The engines are already collecting all this interest level data based on what we tell them we are interested in (using +1’s and Like’s). If entity search were to be driven by social data, search engines could better deliver attributes to everyone based on their interests.
Some could argue that Facebook is already doing this with the Open Graph. And I don’t deny that they are “trying” to better understand their users and deliver the most relevant information.
But honestly, who really does searches inside Facebook? And even if you do, is it really effective?
The method of finding information in Google couldn’t be more different than the way we come across information on Facebook. Google is an active search; Facebook is a passive stream (generally).
Social Search Without Social Media Limitations
The limitations we have discussed, which exist within Social Media, will no longer exist. This means better targeting what we know our users are looking for and the ability to deliver more valuable information to users based on their interests.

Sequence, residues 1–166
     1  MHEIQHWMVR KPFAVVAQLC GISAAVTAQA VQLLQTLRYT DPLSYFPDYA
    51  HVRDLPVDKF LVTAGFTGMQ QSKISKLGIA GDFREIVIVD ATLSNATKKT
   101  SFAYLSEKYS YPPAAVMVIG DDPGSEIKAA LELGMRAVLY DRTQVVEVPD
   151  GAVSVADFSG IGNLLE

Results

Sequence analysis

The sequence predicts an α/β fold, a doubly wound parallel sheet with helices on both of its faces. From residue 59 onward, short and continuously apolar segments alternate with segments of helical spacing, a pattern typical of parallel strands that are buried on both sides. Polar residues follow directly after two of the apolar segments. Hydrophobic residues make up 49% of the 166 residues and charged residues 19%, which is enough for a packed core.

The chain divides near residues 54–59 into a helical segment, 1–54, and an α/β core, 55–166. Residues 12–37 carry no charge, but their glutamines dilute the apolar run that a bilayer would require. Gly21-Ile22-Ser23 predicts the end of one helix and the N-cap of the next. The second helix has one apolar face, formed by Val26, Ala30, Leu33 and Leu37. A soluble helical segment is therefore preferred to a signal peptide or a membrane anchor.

The outcome of this is real social search results. Not just showing up in a Facebook or Google+ stream; active searches in the largest search engine and seeing results based on confirmed interests.
Time To Get On Social
Not necessarily tomorrow, but in the very near future (although I would argue that we are starting to see the need to be involved in social media already), we will start to find that social media more a necessity for brand visibility in the search engines.
Google Plus has demonstrated this to us. And in the future, for brands not involved in social media, this would mean their audience has not included them in their personal “interest graph”. This lack of connection with their audience may cost brand visibility in their target audiences’ results.
Are you prepared? Will you be included in your audiences’ Interest Graph?
Some opinions expressed in this article may be those of a guest author and not necessarily Search Engine Land. Staff authors are listed here.
(Some images used under license from Shutterstock.com.)